“Do good and, whatever will happen, your deeds will not die. However persecuted, or despite anyway your life might finish, your time is coming nevertheless; if you haven’t known happiness, there will certainly be prayers of gratitude on your grave. Brancoveanu’s fate, glorified in bloody places, and highly praised even where he had stayed hidden for two centuries, is the ultimate proof!” Nicolae Iorga
The Saint Voivode Martyr Constantin Brancoveanu belonged to the patrilineality of the Brancoveanu boyars, while his mother, Lady Stanca, belonged to the well-known family of Cantacuzino. His father, Matei, also named Papa Brancoveanu, died in a battle to defend the Hill of the Metropolitan Church in 1655, during the uprising of the hired foreign warriors. The upbringing of the one-year-old child is taken over by the high steward Constantin Cantacuzino, who had returned from studying in Padova,Italy.
During Serban Cantacuzino’s reign, his uncle, the young future voivode Constantin Brancoveanu is invested with his first high office, that of second chamberlain, at the age of only 18. A succession of several hierarchical stages follows, such as chancellor, great agha, high chancellor at the age of only 26, and, only one year later, that of chamberlain. When ruler Serban Voda died, the boyars, along with the Ottoman Empire, confirmed Constantin Brancoveanuas the voivode ofWallachia. It happened in 1688, when he was 34 years old.
At the age of 20 (1674), he had married Maria, the granddaughter of the former prince, Antonie Vodafrom Popesti. With his wife, the future voivode had 11 children: four boys and seven girls.
Speaker of Turkish, Greek and Slavonic, Constantin Brancoveanu was known as a renowned and active personality in Europe, establishing during his 26-year long reign (1688 – 1714) a period of blessings for Wallachiain all areas.
The legacy of Constantin Brancoveanu’s reign is drawn from what he represented as a valued personality: he was a politician, diplomat, administrator, reformer, supporter of culture, shelter and school founder, a man who shaped his times and brought to bear an artistic current (“the Brancoveanu style”), Christian voivode and martyr of the Romanian people.
During Brancoveanu’s reign began a period of cultural renaissance, influencing greatly the Royal Academy in Bucharest, established by Serban Cantacuzino, but reorganised by the new voivode.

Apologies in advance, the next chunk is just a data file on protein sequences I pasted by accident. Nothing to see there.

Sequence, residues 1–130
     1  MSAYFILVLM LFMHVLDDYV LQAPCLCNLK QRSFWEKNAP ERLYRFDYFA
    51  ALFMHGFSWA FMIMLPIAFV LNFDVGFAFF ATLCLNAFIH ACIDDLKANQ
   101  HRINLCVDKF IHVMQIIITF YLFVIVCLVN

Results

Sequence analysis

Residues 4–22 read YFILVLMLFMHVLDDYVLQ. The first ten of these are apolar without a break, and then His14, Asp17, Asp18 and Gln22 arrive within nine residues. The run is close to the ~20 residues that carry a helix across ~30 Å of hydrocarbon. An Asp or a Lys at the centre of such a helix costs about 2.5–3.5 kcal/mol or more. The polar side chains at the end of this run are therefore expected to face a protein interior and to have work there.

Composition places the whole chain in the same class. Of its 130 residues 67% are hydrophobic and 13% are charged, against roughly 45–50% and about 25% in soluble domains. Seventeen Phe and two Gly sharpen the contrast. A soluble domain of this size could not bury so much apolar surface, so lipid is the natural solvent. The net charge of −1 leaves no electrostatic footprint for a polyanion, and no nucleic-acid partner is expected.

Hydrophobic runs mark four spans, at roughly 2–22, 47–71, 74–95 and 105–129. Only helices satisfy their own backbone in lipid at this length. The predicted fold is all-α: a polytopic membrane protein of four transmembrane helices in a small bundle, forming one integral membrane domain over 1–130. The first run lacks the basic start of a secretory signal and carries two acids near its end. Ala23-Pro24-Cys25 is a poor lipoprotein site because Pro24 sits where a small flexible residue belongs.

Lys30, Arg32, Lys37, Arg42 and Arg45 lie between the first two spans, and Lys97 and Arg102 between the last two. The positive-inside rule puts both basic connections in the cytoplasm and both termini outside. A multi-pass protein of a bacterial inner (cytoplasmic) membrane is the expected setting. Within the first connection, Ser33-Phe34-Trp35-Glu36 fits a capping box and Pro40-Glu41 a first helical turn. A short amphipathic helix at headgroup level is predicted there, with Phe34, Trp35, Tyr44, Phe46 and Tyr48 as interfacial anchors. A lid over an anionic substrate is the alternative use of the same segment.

Humanities and Science were taught at the Academy, students from other countries attending lectures throughout the year. The influence of the Brancoveanu current in education is marked by phrases such as “the thirst for learning” and “the call for learning”. In the field of arts, the changes were visible, namely among goldsmiths and silversmiths who were dressing books of great value, in the work of engravers illustrating art prints, among painters, the master of these being the painter Parvu Mutu, “the painter of painters” in Brancoveanu’s period.
The architectural Brancoveanu style is found in the churches of the Monasteries of Hurezi, Ramnicu Sarat, Doicesti and Saint George’s New Church in Bucharest. Among secular buildings, the style can be found in the Potlogi Palace in Mogosoaia and the reworked Old Court.
In 1714, on Easter’s eve, Voivode Constantin Brancoveanu was captured by an Ottoman envoy and brought under arrest to Constantinople together with his four sons: Constantin, Stefan, Radu and Matei, his brother-in-law the counsellor Ianache Vacarescu, and a part of his fortune.
Locked in the grim prison of Yedikule from Istanbul for four months, they underwent torture and were urged to give up Christianity to regain freedom. The Voivode’s refusal was punished by the Sultan with the death penalty. On August 15th, 1714, as he turned 60, the voivode along with his counsellor and his four sons were beheaded. Their bodies were thrown into the sea, but Christians recovered and buried them on the island of Halki. In 1720, after numerous and dangerous attempts, Lady Maria, the voivode martyr’s widow, recovered the remains of her husband and put them into Saint George’s New Church in Bucharest.
For their unflinching faith, the exemplary way in which they faced death, remaining Christians to the end, in 1992, the Romanian Orthodox Church has consecrated the six martyrs among the group of Saints.
The issue of postage stamps 300 years since the Martyrdom of Saints Brancoveanu brings a homage to Saint Brancoveanu’s supreme sacrifice, who remains in the history of the nation and in the consciousness of the Romanian peopleas the last voivode of the Middle Ages, the first voivode of the modern era and “The Dusk” of the House of Basarab.
The postage stamp with the face value of lei 2.40 reproduces the image of Constantin Brancoveanu in an engraving from that period, next to his emblem.
On the postage stamp with the face value of lei 5.00 is illustrated the icon from the Church of Hurezi Monastery, depicting the Brancoveanu Saint Martyrs next to Ianache Vacarescu.
The postage stamp with the face value of lei 14.50 presents the image of Saint George’s New Church in Bucharest, illustrated after a 19th century lithograph. Saint George’s New Church is Brancoveanu’s last voivodal foundation and shelters his grave and remains.
Romfilatelia would like to respectfully thank His Beatitude Daniel, Patriarch of the Romanian Orthodox Church, the Archdiocese of Bucharest, Saint George’s New Church in Bucharest and the Hurezi Monastery for the blessing and documentary support granted in the accomplishment of this issue of postage stamps.
Issue date: 2014-08-16